I have done some work on Nestle India that should be useful to you in understanding high quality stocks that seem to always trade at “high valuations”.
Nestle India – needs no introduction
Most of us have used Nestle’s products at least once in our lifetime, if not more.
From the ubiquitous Maggi noodles to Milkmaid to Munch chocolates. And how can I forget Nescafe which has become a generic word for coffee in India. If you have traveled in long-distance trains you have to choose between “chai” or “nescoffee”.
Nestle India owns very strong brands. The company enjoys high return on equity. They have strong cash flows. They share the spoils with shareholders in the form of generous dividends.
You might want to see their range of products in India. Read Nestle’s annual report for the financial year 2012 from page 10 onwards.
If the images in the viewer are blurred, you can download Nestle’s FY12 annual report.
Vitaliy Katsenelson is the author of Active Value Investing: Making Money in Range-bound Markets. In this article I have shared a presentation that he made at a conference recently.
What is Vitaliy Katsenelson discussing?
We are used to talking of bull and bear markets respectively. He broadly focuses on sideways markets.
For example what we have been seeing since 2007 to 2013 in India. The Sensex or Nifty have moved up and down but are roughly in a range. This would be a sideways market.
He studies the US markets over the long-term. In bull markets buy and hold works well. More important than stock specific selection it is important to “be present” in the market. In sideways markets on the other hand he argues that one should change strategy. There should be strict entry and exit points in your investments. Staying in cash if you have got nothing compelling to buy is better. Cash is an under-performer in bull markets in comparison.
I have read his book “Active Value Investing – Making Money in Range-Bound Markets“. It is a good book albeit expensive.
He shares the core topics in this book through this presentation. Many charts that he discussed in the book have been incorporated in this presentation.
Continue reading to download the presentation
Good investing reading
Fresenius Kabi Oncology’s OFS and delisting – minority shareholders skewered
Companies where promoters had a stake that was higher than 75% had to satisfy SEBI’s norms of promoter stake being not more than 75% by June 2013. There are 2 options for promoters. Either buy the remaining stake from the minority shareholders as per delisting guidelines or reduce their stake to 75%.
Fresenius Kabi Oncology was in a similar situation. What they did is legal as per the letter of the law but does not seem proper in spirit.
Fresenius plans to delist 7 months after OFS, raises concerns over Sebi norms ‘violations’
An FII fights to protect its investment in Coal India
The Children’s Investment Fund (TCI) is a well-known activist shareholder. They have been at loggerheads with Coal India’s management and board of directors for not doing enough to protect the rights of the shareholders of Coal India.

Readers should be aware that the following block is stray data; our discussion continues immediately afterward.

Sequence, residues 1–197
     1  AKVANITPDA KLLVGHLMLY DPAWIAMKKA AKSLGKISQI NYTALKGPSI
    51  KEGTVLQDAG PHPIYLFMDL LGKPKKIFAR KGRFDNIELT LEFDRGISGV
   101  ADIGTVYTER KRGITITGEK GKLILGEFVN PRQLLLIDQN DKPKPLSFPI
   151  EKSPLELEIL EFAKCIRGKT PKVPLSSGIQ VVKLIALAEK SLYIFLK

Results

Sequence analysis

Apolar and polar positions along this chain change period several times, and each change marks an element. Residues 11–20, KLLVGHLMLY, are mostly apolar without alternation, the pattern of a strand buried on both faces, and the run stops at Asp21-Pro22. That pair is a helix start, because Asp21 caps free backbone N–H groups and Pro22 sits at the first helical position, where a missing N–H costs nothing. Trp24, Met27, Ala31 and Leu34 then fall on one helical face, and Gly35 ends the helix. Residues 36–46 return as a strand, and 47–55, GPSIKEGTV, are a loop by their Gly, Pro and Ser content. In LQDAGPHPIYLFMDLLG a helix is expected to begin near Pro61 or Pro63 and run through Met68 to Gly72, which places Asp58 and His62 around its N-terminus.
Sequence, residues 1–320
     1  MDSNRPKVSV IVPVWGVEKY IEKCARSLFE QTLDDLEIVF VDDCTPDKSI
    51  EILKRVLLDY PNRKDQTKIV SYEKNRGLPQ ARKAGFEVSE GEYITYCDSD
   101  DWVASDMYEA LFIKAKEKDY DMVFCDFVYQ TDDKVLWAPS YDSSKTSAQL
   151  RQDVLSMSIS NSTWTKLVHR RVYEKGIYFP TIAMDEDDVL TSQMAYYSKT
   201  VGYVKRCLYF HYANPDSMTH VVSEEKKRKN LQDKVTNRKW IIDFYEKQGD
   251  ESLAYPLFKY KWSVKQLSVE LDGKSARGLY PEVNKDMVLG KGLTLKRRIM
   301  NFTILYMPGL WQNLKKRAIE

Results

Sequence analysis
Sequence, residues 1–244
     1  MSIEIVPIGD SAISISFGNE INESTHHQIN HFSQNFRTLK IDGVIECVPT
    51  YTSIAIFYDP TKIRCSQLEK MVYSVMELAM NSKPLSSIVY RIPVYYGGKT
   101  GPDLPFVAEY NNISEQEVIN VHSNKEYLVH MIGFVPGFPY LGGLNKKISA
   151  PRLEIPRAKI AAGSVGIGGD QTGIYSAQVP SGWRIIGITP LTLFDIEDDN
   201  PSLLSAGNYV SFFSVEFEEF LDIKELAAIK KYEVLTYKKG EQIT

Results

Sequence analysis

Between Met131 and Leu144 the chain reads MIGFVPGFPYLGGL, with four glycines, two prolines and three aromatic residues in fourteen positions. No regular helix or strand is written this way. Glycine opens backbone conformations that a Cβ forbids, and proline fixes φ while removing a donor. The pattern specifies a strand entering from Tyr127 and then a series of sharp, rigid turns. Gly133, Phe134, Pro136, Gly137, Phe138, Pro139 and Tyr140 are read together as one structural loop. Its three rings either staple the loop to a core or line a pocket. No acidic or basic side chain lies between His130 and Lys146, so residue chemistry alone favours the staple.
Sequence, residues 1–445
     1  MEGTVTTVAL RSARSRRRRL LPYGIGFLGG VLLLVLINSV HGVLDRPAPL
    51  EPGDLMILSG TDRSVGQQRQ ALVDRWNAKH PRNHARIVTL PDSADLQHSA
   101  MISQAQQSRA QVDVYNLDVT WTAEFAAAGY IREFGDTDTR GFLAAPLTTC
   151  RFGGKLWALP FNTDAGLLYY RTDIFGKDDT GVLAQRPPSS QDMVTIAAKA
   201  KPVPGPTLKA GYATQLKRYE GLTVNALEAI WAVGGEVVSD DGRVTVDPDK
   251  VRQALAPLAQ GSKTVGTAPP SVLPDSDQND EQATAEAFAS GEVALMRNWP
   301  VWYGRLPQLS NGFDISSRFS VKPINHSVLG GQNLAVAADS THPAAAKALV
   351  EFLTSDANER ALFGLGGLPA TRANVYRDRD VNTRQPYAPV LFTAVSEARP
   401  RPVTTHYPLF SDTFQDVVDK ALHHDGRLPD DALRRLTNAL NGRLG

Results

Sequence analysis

Here is an interview where Chris Hohn, Fund Manager, TCI speaks his mind about the corruption in the coal sector in India.
Continue reading – Warren Buffet Q&A and FII money – whether it is actually foreign money
In today’s article I will discuss Disa India, a listed foundry equipment manufacturer. You will see an example of a cyclical business.
What is a foundry? What is casting?
A foundry is a factory or a unit where a casting process is used to create metal parts. Metal is heated in induction furnaces or electric arc furnaces. Molten metal is then poured into a mould. After it cools down, the mould can be removed or broken to reveal the casting. This casting is yet not perfect. It has impurities on the surface which have been picked up from the mould. These have to be removed. Surface preparation is the name that is given to this step of the process. This can be achieved by sand blasting (or shot blasting) for example where sand is propelled onto the surface of the yet imperfect casting. Sand strips away the impurity. Pretty much like the feeling you will get if you are in the middle of a sandstorm in a desert. Except that this is many times more abrasive.
What is Disa’s business?
They make the casting equipment that is used by an independent foundry or any company that has a foundry division.
Disa India manufactures the following products:
- Moulding equipment
- Shot blasting equipment
- Sand plant equipment
- Core systems
Continue reading – understand Disa’s business and its stock valuation
James Chanos heads Kynikos Associates. Kynikos means “cynic” in Greek.
He became famous after the shorted Enron stock and made a killing as the problems in the company became public in 2001 and the stock price tanked.
He has been bearish on China since a few years. He shared his thoughts on China and its problems recently at a conference in April 2013.
Read it yourself.
Jim Chanos – Wine Country conference presentation on China
Jim Chanos CHINA PRESentation for Wine Country Conference 5 April 2013 by ValueWalk.com